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Transgender USAF veteran trapped in Taliban takeover of Kabul

Josie Thomas remains in Afghanistan

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Josie Thomas (Photo Credit: Thomas' Facebook page)

As the government of Afghan President Ashraf Ghani collapsed and he has now fled the country, chaos has descended on the Afghan capital city. Late reports Sunday indicated Afghan security forces had abandoned their posts which were quickly taken over by the Taliban insurgents.

Among the Americans now trapped in the suburban areas of Kabul under Taliban control is Josie Thomas, 32, a Transgender government contractor for the U.S. State Department and former U.S. Air Force Sergeant. Thomas along with several others are trapped at the diplomatic support facility known as Camp Alvarado located on the outskirts of the capital city’s airport.

Thomas, in a series of text messages provided to the Blade on background by a colleague of hers, relayed that she and others were aware of the immediate presence of the Taliban insurgents, which was communicated at the time Afghan security forces had abandoned their posts. The texts also expressed frustration at the lack of communication regarding the lack of a presence of U.S. military forces to assist.

Thomas has been communicating with colleagues and friends in the United States in real time as the situation unfolds.

UPDATED at 3:30PM Pacific Time Sunday August 15 (U.S.) One of her colleagues communicating with Thomas received a text from her stating that elements of the United States Army’s 82nd Airborne Division had arrived at the Camp Alvarado diplomatic support facility;

“Just talked to her again for several minutes. The 82nd has taken control of her compound and there’s a clear route from there to the flight line now. That the place is looking like a refugee camp with the amount of displaced coalition personnel and there’s no aircraft coming in to evacuate people yet.”

The United States Embassy in Kabul issued a warning to remaining Americans to not head to Kabul’s international airport after reports indicated that the facility was taking fire from Taliban fighters.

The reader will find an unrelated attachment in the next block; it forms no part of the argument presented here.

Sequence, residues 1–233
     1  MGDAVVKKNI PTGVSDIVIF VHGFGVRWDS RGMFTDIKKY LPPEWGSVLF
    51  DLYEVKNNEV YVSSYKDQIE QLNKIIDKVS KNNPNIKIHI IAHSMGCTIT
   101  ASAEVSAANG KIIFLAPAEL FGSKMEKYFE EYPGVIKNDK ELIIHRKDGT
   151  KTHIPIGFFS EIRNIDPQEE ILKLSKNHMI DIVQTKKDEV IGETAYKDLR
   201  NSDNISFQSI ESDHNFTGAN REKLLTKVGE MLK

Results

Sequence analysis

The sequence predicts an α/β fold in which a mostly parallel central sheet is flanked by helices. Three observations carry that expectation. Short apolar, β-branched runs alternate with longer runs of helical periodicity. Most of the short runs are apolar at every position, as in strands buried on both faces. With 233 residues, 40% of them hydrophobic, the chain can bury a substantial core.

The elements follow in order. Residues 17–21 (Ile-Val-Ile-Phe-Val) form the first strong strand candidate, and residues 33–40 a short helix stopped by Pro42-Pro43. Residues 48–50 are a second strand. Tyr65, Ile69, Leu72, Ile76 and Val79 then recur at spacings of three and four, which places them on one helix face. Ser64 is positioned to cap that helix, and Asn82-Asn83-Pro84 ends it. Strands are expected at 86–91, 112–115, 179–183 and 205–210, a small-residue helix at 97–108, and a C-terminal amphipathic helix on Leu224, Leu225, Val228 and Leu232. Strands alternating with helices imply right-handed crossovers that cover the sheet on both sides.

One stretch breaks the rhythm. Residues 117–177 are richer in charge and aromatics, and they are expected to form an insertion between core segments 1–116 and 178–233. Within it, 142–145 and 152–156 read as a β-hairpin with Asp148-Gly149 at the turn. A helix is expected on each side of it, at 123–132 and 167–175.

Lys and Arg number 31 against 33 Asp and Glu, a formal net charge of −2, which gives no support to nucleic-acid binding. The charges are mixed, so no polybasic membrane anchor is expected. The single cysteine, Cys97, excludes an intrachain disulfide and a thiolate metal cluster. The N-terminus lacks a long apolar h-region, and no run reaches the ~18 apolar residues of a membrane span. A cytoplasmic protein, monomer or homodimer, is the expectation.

“The security situation in Kabul is changing quickly including at the airport,” the embassy said in a statement. “There are reports of the airport taking fire; therefore we are instructing U.S. citizens to shelter in place.”

The New York Times and major wire services reported that at 6:30 p.m. local time, the Taliban issued a statement that their forces were moving into police districts in order to maintain security in areas that had been abandoned by the government security forces. Taliban fighters, meeting no resistance, took up positions in parts of the city, after Zabiullah Mujahid, spokesman for the Taliban, posted the statement on Twitter.

“The Islamic Emirates ordered its forces to enter the areas of Kabul city from which the enemy has left because there is risk of theft and robbery,” the statement said. Mujahid added that the Taliban had been ordered not to harm civilians and not to enter individual homes adding, “Our forces are entering Kabul city with all caution.”

President Joe Biden who is spending the weekend at the Presidential retreat Camp David in the Catoctin Mountains near Thurmont, Maryland, participated in a series of video conferences regarding the rapidly changing situation on the ground in Kabul.

President Biden being briefed at Camp David as the United States shuts down its embassy in Kabul as U.S. military forces continue to evacuate American personnel and citizens plus Afghan allies.

“This morning, the President and Vice President met by secure videoconference with their national security team to hear updates on the drawdown of our civilian personnel in Afghanistan, evacuations of SIV applicants and other Afghan allies, and the ongoing security situation in Kabul.